Tuesday, October 1, 2013

Wajima, Ishikawa Prefecture

This weekend I left Tokyo for a spontaneous little escape to the prefecture of Ishikawa, in a small town called Wajima. It's located right at the tip of the peninsula of Ishikawa, going right into the Japan Sea. I had never been to this side of Japan, or to this prefecture, so it was quite exciting. It was a short one-hour flight from Tokyo, but being there made me feel so far away from the city: it's peaceful, smells of the sea, and is surrounded by mountains and tall trees. It's not such a touristy place, but they have interesting things, like a morning market filled with sun-tanned obaachans (grandmothers), fishermen and locals selling products of the sea. The market is called asaichi, and it's one of the best ways to sample all of their local products- although swallowing a piece of raw octopus before lunch was maybe a questionable idea.

Speaking of raw fish, I had the most delicious sushi meal I've ever had. I've probably said that same thing a few times in Japan, but this was by far at the top of the list. The sushi chef made us customized menus based on our taste and the day's catches. I like every single thing with sushi, so I tasted everything from tuna to sea urchin. I loved it all, and the sushi master was so friendly- like everyone else in that town. He gave us many samples of other dishes, which were washed down with the local nihonshu- sadly not so much for me, as I was careful not to drink much, thanks to the heaps of medicine I've been taking those past few days.

My other favourite part of Wajima was a visit to a salt factory and museum, where they take saltwater straight from the sea, spread it over sand, wait for it to dry then collect the salt. I also carved my name in katakana on a pair of chopsticks, which was then filled with gold powder. It seems like I did a lot in such a short time, but I also spent a lot of time napping (recovering from my cold) and bathing in the hotel onsen. All the food I ate in Wajima was so fresh and tasty, except from the hotel breakfast, which included onion rings, French fries and potato salad as part of the menu. Why?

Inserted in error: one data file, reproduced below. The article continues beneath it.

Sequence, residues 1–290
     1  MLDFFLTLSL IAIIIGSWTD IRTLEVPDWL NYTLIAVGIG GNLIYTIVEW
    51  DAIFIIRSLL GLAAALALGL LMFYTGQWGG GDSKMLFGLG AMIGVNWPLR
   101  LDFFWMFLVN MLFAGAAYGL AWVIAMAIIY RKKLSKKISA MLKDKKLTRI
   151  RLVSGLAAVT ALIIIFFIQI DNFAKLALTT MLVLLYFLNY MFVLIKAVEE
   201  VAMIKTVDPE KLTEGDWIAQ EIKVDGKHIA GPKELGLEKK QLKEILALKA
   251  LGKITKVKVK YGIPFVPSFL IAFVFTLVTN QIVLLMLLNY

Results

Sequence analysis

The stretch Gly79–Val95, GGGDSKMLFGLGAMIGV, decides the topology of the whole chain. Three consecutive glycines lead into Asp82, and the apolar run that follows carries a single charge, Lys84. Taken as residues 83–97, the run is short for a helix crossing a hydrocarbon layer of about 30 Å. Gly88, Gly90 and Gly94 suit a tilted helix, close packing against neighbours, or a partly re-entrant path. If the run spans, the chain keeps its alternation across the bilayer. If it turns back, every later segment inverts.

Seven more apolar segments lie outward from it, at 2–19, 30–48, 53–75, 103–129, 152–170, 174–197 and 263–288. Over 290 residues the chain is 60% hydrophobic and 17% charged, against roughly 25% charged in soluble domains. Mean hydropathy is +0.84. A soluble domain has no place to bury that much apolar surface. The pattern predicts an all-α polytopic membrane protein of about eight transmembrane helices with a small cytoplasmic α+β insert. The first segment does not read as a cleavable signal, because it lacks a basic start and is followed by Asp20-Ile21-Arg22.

I wish I could have stayed in Wajima longer. The hills and rice fields reminded me of Marugame, and small-town living in general. Sometimes I cannot believe that I used to live in a countryside town only a few years ago. It seems worlds away now. I really miss it a lot- or rather, I miss how quaint and friendly it was. Yet those trips always make me appreciate the life I built in Tokyo, too.


The mascot of the asaichi morning market

A rice bowl topped with strips of steak, tasty

Local liqueur

Fish, fish, fish

Why don't people like uni (sea urchin)? 

Sushi restaurant, lots of knives

Chawanmushi, an egg custard dish

Thick green tea

I met the mascot, of course

Rice fields and sea

He brings sea water to retrieve salt

Spraying the saltwater on the sand

Plane sunset

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